- Consistent, unified reporting
- Smooth integration with Microsoft Azure DevOps suite
- Large numbers of code analyzers
- Powerful dashboards personalized to user role and context
- Shorter learning curve due to intuitive, browser-based interface
- Security and scalability
Until 2015, Siemens Digital Factory was using multiple tools for software code quality analysis across its various business units. Project managers would use language-specific tools like FXCop (C#) and PC-Lint (C/C++) to identify and report issues with software code. Apart from these tools, they would also refer to other third-party tools to obtain information about technical debt, redundancies and potential errors.
This approach was not ideal for many reasons. Different tools produced different metrics, which made it difficult for managers to obtain a holistic view of code quality. Multiple tools also increased the learning curve for managers, requiring them to learn the details of each tool before becoming productive with them. Finally, each tool produced its own reports, resulting in multiple points of entry to any discussion of code quality.
In 2015, the Siemens Digital Factory technical management team decided to harmonize the process and adopt a common tool for software code analysis across business units and development teams. Integration with existing Microsoft tools and technologies was identified as a key requirement, as were security and scalability.
The project team identified a number of criteria for the tool evaluation process:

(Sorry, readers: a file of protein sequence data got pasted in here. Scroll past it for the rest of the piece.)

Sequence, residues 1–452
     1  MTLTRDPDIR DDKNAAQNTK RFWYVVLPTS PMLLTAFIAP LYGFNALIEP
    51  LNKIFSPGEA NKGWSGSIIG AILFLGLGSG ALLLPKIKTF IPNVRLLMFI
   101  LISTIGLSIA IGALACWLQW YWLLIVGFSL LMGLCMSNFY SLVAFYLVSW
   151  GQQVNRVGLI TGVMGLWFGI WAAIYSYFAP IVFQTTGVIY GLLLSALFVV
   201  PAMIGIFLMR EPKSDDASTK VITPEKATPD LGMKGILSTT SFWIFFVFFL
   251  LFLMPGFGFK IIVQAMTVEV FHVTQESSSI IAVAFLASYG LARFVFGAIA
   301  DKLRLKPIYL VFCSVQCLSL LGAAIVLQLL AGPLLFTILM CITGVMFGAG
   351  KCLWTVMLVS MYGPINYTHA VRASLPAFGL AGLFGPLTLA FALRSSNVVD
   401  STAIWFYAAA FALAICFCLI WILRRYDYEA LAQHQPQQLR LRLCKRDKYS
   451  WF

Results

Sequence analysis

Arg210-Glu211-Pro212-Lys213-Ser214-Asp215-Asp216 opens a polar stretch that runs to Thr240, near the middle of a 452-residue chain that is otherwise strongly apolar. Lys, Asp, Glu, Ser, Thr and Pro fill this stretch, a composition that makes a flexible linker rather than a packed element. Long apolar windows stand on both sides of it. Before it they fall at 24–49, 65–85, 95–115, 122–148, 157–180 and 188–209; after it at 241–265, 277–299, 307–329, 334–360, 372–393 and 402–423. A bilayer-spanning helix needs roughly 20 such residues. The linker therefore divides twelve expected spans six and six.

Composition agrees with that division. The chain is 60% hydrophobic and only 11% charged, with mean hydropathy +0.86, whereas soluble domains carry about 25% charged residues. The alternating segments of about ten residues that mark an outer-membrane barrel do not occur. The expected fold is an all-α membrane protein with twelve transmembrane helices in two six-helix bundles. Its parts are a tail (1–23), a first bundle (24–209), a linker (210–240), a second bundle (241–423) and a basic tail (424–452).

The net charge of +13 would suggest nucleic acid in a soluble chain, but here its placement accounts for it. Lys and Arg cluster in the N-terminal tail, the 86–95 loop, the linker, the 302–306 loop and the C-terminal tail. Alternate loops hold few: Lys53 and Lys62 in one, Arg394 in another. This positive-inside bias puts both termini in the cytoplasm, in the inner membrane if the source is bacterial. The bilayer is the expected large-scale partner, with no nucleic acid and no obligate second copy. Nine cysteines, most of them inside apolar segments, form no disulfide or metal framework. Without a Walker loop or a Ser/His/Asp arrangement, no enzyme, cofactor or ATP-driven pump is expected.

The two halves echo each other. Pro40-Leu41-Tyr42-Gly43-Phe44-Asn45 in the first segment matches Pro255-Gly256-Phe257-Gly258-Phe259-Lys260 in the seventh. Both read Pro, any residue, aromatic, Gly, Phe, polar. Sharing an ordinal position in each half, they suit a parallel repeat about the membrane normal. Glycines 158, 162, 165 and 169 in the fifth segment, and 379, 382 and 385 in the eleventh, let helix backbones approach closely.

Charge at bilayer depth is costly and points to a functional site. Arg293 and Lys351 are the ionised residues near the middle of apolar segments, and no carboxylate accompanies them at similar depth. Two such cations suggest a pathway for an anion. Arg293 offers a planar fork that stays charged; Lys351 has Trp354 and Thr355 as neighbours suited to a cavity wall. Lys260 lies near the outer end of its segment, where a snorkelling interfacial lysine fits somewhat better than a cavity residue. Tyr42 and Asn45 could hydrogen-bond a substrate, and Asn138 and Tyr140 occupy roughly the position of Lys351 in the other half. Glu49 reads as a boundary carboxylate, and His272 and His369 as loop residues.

- Support for multiple programming languages
- Support for various C++ flavors
- Microsoft Azure DevOps Server build integration
- IDE integration
- Support for unit test coverage results
- Security and scalability
Based on these criteria, the project team identified various tools which were further evaluated through real-world usage with selected development projects. Emphasis was placed on tool usability and user metrics presentation and capabilities across programming languages. System security and unit test coverage were also verified during this prototyping phase. After considering the results, the team selected SonarQube as their platform of choice.
Today, SonarQube is tightly integrated with the Microsoft Azure DevOps Server build process for C/C++ and C# projects along with unit/integration test results from Visual Studio Test Platform (VSTest.Console) and NUnit.
Apart from this integration, Siemens SonarQube Service has developed a unified project configuration methodology for projects using special programming languages and custom build environments. These projects are now also analyzed with SonarQube, with results appearing in SonarQube’s project dashboard.
Siemens works closely with SonarSource support and product development teams. This helps drive innovation by providing regular feedback on various product functionality such as the Sonar C & C++ analyzer and the Azure DevOps Server integration.
In the future, Siemens plans to re-implement its SonarQube server infrastructure using virtual machines or containers. This will help to better manage workloads and ensure SonarQube is easily accessible for development teams across the company.